What to make of the Oscars?

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By Matthew Sharpe

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The season of snazzy award shows has all but ended. With the Golden Globes and Grammys behind us, most winners and losers of popular entertainment have been decided. There remains only the looming prospect of The Oscars, and all the wit Ellen DeGeneres can bring to it. The films, deemed the best of 2013 by a group of nondescript 80 year-old white men, will be awarded with glistening statues, the recipients of said statues will give long-winded speeches thanking their mother, among other less significant people, and everyone will go to sleep, feeling like they have gained something worthwhile.

Whether or not you value the relevance of the ceremony, now in its 86th year, it’s hard to deny that receiving an Academy Award is the highest esteem one can get in the film industry. And so it is with an underlying respect that we jibe at its antiquated and predictable nature. The last year has brought some excellent films, so I’ll do my best to sort the deserving nominees from the ones I predict to be the inevitable victors.

What should win for Best film – “12 Years a Slave”. I don’t think there’s any better way to validate this than by saying that it’s quite simply the most important film in years. It’s not just fantastically directed and performed , it’s necessary. Steve McQueen has directed what has been an overwhelming critical success, telling the compelling true story of Solomon Northup and his time spent in slavery. It’s harrowing, brutal and it thoroughly deserves to win.

What will probably win – “12 Years a Slave”. It’s not often I tip the film that, I feel, deserves the Oscar to actually win, but the majority of other awards the film has already pocketed, in particular the Golden Globe, gives reason to believe it will most likely pip its closest rival, “Gravity”. If not for that, I’m sure the fear from public backlash for snubbing such a racially significant film will do the trick.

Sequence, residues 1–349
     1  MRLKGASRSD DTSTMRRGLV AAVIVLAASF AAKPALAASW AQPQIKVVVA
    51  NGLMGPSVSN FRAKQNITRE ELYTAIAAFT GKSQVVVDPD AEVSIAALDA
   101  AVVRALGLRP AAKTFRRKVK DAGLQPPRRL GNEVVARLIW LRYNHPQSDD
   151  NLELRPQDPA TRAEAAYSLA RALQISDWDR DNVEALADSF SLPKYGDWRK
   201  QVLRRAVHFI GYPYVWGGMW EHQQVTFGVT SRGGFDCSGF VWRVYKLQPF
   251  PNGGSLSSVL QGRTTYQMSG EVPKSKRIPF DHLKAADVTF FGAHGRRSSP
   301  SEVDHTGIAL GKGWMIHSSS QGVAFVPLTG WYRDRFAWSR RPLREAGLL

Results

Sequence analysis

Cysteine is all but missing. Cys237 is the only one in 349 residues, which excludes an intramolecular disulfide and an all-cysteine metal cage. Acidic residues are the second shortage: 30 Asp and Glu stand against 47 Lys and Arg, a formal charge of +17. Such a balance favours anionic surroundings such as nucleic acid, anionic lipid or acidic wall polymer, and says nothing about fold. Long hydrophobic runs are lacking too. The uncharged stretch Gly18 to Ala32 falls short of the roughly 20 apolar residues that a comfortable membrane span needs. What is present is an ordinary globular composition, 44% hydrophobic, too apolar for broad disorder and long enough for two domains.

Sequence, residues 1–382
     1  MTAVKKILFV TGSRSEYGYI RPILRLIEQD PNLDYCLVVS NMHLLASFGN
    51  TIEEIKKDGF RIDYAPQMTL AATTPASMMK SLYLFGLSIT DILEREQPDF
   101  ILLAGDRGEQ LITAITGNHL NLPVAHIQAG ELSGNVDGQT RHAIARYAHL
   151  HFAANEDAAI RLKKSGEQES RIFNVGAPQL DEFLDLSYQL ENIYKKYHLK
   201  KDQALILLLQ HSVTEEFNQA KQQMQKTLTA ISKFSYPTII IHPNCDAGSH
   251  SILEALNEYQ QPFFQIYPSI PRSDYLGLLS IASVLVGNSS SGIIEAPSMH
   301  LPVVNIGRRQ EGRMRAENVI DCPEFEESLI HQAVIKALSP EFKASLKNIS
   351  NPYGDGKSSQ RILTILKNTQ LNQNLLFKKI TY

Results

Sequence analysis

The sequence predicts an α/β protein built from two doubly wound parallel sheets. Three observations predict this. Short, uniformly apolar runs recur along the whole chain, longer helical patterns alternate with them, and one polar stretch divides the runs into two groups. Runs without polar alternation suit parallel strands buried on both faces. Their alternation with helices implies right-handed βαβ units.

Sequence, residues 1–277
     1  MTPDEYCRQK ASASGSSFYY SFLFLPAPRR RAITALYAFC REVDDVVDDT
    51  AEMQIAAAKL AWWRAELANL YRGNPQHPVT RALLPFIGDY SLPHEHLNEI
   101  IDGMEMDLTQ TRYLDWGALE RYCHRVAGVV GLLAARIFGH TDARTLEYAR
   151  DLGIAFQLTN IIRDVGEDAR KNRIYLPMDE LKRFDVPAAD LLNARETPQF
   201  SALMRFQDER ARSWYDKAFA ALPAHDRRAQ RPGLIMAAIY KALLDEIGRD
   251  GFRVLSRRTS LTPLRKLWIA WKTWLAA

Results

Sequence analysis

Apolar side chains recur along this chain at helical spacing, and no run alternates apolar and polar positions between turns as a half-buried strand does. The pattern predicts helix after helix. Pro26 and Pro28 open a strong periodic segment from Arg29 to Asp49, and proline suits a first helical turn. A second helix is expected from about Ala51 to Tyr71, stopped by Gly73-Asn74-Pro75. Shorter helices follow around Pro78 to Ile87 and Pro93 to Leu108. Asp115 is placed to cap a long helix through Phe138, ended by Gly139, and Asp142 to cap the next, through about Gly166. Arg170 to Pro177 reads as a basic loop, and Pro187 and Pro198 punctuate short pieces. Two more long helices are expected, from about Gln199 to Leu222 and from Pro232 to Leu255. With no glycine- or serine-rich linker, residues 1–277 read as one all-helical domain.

What should win for Best Director – Spike Jonze, “Her”. I know what you’re thinking, Spike Jonze isn’t even nominated in this category. This is really more of a “What should have been nominated” segment then, as I truly feel that Jonze’s work on this film surpassed any other nominees. “Her” centres on a man, played by Joaquin Phoenix, who begins a relationship with a futuristic computer operating system, not dissimilar to Apple’s Siri. The main reason I feel that Jonze deserves the award is the ease with which he interprets and develops a premise that, otherwise has a lot of potential to be a flop. While a lesser director would have taken this down the route of “And then, like, the computer becomes evil and starts trying to kill him, like HAL-9000 and stuff”, Jonze turns it into something more unique. The film manages to be a poignant love story, whilst revealing a number of troubling insights about our technology-obsessed society.

What will win, however – Alfonso Cuarón, “Gravity”. I don’t think many people doubt the outcome of this one. While it is unusual for two films to share the Best Picture and Best Director awards between them, it happened last year, and I see no reason why it won’t happen again (possibly as a result of the Academy’s attempts to offer equal plaudits to its rival nominee “12 Years a Slave”.) Cuarón has been lauded for his technical mastery on this film, and rightly so; it’s a visual feast set in a thoroughly convincing orbital landscape. I feel like this is a pretty obvious win.

Who should win Best Actor – Chiwetel Ejiofor in “12 Years a Slave”.This was an excellent performance in a truly weighty role. Aware of how much of the film’s success rests on his performance, Ejiofor never flinched and delivered a remarkable portrayal that was engaging throughout.

Who is most likely to win though – Matthew McConaughey in “Dallas Buyers Club”. Having already won the Golden Globe, McConaughey seems a likely bet to take home his first Oscar here for his portrayal of Ron Woodroof, an HIV-positive rodeo cowboy determined to help out fellow AIDS epidemic sufferers with illegal drugs.

What should win Best Screenplay – “Her”. I’ve already discussed the directorial genius of Spike Jonze in this film, but the writing is equally impressive. A story that could have easily been turned into a predictable, gimmicky psychological thriller about a sentient operating system instead becomes a beautifully crafted, perfectly paced drama that, despite being set in the future with a space-age concept, is as true to present day life as any film you might see.

What will win, however, “American Hustle”. Eric Warren Singer and David O. Russell are being widely tipped to receive the award for their work on this comedy-drama. However, I saw it as a film driven more by character and performance than by plot, and thus not as deserving of recognition for its writing. Though I have to say that the stiff competition in the other major categories means that the Academy will most likely show its appreciation for the film here.